VIDEO Energizing Love

Simon, son of Jonah, do you love Me? John 21:16

Tony Evans wrote, “Our fundamental problem as Christians is not really obedience. Our problem is keeping our love for Christ fervent, for love makes obedience a delight. A decline in obedience is the outgrowth of a decline in love.”[1]

Just before He returned to heaven, Jesus asked Peter three times if he loved Him. This is undoubtedly because Peter had earlier denied Jesus three times. But the question wasn’t to reassure Jesus. Jesus already knew the exact temperature of Peter’s love. He wanted to provide an opportunity for Peter to reaffirm and express his love. Jesus also wanted Peter to realize that genuine love would propel him into his future ministry of feeding Jesus’ sheep and tending Jesus’ flock.

We reaffirm our love for Jesus by telling Him we love Him, and by doing what He says. Furthermore, our love for Jesus will spill over into our human relationships. We love others because we love Him. Love is the energy of life. It motivates us in our service and in our servanthood.

When you are first a lover, God’s love will effortlessly energize your believing, and your believing will open to you the abundance in God’s healing Word. Larry M. Jaynes

Peter, Do You Love Me?

Caring Letters

You are a chosen people, a royal priesthood, a holy nation, God’s special possession. 1 Peter 2:9

Decades ago, Dr. Jerry Motto discovered the power of a “caring letter.” His research found that simply sending a letter expressing care to discharged patients who had previously attempted suicide reduced the rate of recurrence by half. Recently, health care providers have rediscovered this power when sending “caring” texts, postcards, and even social media memes as follow-up treatment for the severely depressed. 

Twenty-one “books” in the Bible are actually letters—epistles—caringly written to first-century believers who struggled for a variety of reasons. Paul, James, and John wrote letters to explain the basics of faith and worship, and how to resolve conflict and build unity. 

The apostle Peter, however, specifically wrote to believers who were being persecuted by the Roman emperor, Nero. Peter reminded them of their intrinsic value to God, describing them this way in 1 Peter 2:9, “You are a chosen people, a royal priesthood, a holy nation, God’s special possession.” This lifted their gaze to God’s great purpose for them in their world: “that you may declare the praises of him who called you out of darkness into his wonderful light.”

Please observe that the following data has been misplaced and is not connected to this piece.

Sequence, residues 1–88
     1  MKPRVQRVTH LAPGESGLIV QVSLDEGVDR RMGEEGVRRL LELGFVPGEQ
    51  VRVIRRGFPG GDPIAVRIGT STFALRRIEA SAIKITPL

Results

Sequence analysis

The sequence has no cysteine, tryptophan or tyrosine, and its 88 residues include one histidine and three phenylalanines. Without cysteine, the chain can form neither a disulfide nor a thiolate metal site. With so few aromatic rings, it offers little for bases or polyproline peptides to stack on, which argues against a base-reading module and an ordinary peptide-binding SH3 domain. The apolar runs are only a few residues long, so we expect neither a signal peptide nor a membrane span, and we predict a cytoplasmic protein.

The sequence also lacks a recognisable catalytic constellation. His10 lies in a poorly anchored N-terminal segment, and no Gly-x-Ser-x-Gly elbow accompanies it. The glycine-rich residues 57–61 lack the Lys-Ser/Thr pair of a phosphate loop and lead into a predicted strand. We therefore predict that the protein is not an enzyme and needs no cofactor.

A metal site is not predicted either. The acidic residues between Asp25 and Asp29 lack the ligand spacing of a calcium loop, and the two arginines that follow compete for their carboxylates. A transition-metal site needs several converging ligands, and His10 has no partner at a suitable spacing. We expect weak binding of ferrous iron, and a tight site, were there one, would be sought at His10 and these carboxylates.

Our great God Himself wrote a book filled with caring letters to us—inspired Scripture—that we might always have a record of the value He assigns us as His own. May we read His letters daily and share them with others who need the hope Jesus offers.

By:  Elisa Morgan

Reflect & Pray

How does reading the Epistles as caring letters help you receive God’s encouragement? How will you share the hope of God’s caring letters today?

Loving God, thank You for the caring letters in the Bible!

Grace for Times of Trouble

2 Corinthians 12:7-10

Trouble is an ever-present reality in this fallen world, and there is no way to totally escape its grip. As believers in Jesus Christ, we usually turn to the Lord, praying that He will change the situation and release us from its clutches. That’s what Paul did when he suffered from what he called a “thorn in the flesh.” On three different occasions, he asked for it to be removed; however, the Lord’s final answer was that the thorn would remain.

The sufferings that the Lord allows in our life are given to us for His good purpose. The apostle’s thorn was designed to provide him with precisely what he needed—humility. The Lord likewise has care and concern for us, and His intention is for our benefit. When He says no to our requests for relief, He says yes to something even greater: His all-sufficient grace.

Perhaps you are in a season of adversity right now. Do you trust the Lord with your thorns, or are you trying to pull them out? Whenever God allows suffering to remain, He gives grace to endure it. Cooperate with Him and exult in His loving wisdom and sufficiency.

God’s Tear Bottle

“Thou tellest my wanderings: put thou my tears into thy bottle: are they not in thy book?” (Psalm 56:8)

This is a remarkable insight into the tender heart of our heavenly Father. He has a tear bottle—in fact, perhaps a tear bottle for each of His wandering children.

Ancient “tear bottles” (or wineskins) have actually been excavated by archaeologists in Israel. These vessels were used to catch and preserve the owner’s tears during times of grief or extreme pressure. This psalm was actually written by David when he was being pursued by Saul on one side and surrounded by Philistines in the city of Goliath on the other. David apparently not only had his own tear bottle but also believed that God somehow was also storing up David’s personal tears in His own heavenly bottle of tears.

There is a touching story in the earthly ministry of Jesus that provides another example: “Behold, a woman in the city, which was a sinner, when she knew that Jesus sat at meat in the Pharisee’s house, brought an alabaster box of ointment, And stood at his feet behind him weeping, and began to wash his feet with tears,…and anointed them with the ointment” (Luke 7:37-38).

The ointment was obviously not the same as the tears but followed the washing by tears. Some scholars think these tears came from her bottle, which was emptied on His feet and used to wash them. Others think that those tear bottles that have been found actually contained the collected tears of mourners at a burial site.